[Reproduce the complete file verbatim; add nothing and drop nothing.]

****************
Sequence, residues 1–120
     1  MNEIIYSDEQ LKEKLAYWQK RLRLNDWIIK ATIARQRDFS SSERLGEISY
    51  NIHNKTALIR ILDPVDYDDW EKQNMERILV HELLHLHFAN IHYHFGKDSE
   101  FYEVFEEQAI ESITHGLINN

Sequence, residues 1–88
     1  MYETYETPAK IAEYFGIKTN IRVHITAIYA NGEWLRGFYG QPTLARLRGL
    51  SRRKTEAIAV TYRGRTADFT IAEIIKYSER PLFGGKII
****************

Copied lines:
Sequence, residues 1–120
     1  MNEIIYSDEQ LKEKLAYWQK RLRLNDWIIK ATIARQRDFS SSERLGEISY
    51  NIHNKTALIR ILDPVDYDDW EKQNMERILV HELLHLHFAN IHYHFGKDSE
   101  FYEVFEEQAI ESITHGLINN

Sequence, residues 1–88
     1  MYETYETPAK IAEYFGIKTN IRVHITAIYA NGEWLRGFYG QPTLARLRGL
    51  SRRKTEAIAV TYRGRTADFT IAEIIKYSER PLFGGKII